Using various online and offline outlets, sales promotion creates limited time deals or promotions on products or services in order to increase short-term sales. It can include sales, coupons, contests, freebies, prizes and product samples.
When conducting a sales promotion, it's important to consider:
Loyalty cards are a more recent addition to the sales promotion sphere, adding important elements such as customer retention and brand loyalty. Discounts or special offers reward loyal and repeat purchasers. It's also a great way to gather valuable customer data on purchasing habits and behaviour.
A relatively new tool, and always expanding with ‘the next big thing’, social media has changed the way we communicate. As part of the Direct Marketing section of the communications mix, it can be used to advertise, retain and gain customers, gather feedback about products or services and as a customer service tool.
Just about anything can be sponsored. Sponsorship is something you see a lot of with major brands and especially in sports. It is often used to get the attention of new communities and align with them.
Effective sponsorship as a marketing and communications tool requires detailed target audience research and setting clear objectives.
Packaging is an element which can be considered as part of the marketing mix as well as the communications mix. It’s the last point of sale for the company, and the impact of packaging could set brands apart from their competitors.
Communicating effectively through packaging can include the visual design, what’s written on the product, size and shape of the packaging, materials it's made from etc. All of these aspects could sway a customer to buy or not buy the item.
We have many more communications tools now than existed 10 years ago - or even 5 years. This is why it's really important to keep track of new innovations and releases that could become a fantastic way to communicate with your demographic. Some stick around for the long haul, and others end up more like one-hit wonders (what ever happened to Vine?!) - but it's still great to keep an eye out.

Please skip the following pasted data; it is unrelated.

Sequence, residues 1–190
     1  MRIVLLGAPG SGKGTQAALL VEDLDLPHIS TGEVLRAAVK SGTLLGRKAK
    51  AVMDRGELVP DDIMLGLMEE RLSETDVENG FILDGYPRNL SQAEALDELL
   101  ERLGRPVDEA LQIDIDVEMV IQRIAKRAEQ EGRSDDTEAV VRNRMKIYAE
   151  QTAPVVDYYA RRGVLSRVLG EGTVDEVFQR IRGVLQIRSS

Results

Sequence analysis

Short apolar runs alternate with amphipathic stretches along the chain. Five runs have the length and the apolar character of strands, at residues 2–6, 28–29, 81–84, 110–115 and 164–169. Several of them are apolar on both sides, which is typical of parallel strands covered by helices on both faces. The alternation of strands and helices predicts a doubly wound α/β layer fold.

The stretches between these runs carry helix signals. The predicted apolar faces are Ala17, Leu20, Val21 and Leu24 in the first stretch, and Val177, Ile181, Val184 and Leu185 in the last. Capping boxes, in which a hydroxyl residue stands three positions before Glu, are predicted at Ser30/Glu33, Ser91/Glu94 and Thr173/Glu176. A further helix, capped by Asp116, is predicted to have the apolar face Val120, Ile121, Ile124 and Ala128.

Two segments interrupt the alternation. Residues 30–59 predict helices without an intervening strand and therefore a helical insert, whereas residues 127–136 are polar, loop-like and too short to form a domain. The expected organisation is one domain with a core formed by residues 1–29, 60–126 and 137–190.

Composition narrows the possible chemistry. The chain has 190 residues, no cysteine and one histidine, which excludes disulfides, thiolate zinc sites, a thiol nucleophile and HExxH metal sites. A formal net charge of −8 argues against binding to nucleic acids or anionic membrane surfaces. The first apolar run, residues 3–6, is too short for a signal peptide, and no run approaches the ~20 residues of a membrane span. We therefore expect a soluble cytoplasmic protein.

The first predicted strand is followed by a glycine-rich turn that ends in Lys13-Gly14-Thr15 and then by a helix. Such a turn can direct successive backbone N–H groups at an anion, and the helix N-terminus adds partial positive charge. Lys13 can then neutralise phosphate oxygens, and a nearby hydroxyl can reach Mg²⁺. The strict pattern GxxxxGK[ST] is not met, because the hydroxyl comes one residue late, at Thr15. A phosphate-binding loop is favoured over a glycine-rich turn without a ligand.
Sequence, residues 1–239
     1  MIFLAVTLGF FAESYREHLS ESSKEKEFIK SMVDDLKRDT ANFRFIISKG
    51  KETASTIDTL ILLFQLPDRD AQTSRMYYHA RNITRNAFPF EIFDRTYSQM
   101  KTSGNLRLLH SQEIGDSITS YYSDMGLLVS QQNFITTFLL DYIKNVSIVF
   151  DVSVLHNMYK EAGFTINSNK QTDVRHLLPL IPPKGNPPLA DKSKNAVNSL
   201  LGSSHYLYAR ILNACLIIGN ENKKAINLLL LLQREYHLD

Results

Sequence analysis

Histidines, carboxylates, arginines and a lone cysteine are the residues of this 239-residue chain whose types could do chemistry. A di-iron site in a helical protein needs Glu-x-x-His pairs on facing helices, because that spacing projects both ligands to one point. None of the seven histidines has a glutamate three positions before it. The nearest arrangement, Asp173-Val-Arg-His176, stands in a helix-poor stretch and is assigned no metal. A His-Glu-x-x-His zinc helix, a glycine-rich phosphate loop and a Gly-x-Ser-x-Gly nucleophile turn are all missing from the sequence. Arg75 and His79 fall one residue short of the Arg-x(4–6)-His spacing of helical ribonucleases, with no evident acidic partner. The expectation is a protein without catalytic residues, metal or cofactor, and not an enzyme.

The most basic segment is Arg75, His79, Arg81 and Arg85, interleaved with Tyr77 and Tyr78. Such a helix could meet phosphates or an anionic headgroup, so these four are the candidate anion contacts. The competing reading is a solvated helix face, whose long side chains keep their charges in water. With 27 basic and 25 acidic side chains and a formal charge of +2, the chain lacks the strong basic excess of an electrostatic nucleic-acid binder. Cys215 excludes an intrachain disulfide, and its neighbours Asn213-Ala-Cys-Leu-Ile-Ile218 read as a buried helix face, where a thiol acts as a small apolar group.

Examples include new social media platforms (networking, video, messaging), gaming platforms, forums, mobile apps and more!
We hope this blog post has helped you understand the communications mix and given a valuable insight into how these tools can complement your marketing campaigns.
Professional Academy's Marketing Theories Explained is a video series that explains marketing models in more detail.
Watch the recording for the Communications Mix to see CIM tutor, Professional Academy trainer and all-round marketing pro Peter Sumpton talk about the importance of integrating and organising your communications using the PESO tool.
The communications mix and many other important marketing theories are taught in our CIM Marketing Courses. You will be supported by excellent and experienced tutors whilst receiving interactive learning materials to support your studies. Discover new ways to innovate in marketing and thrive in your career!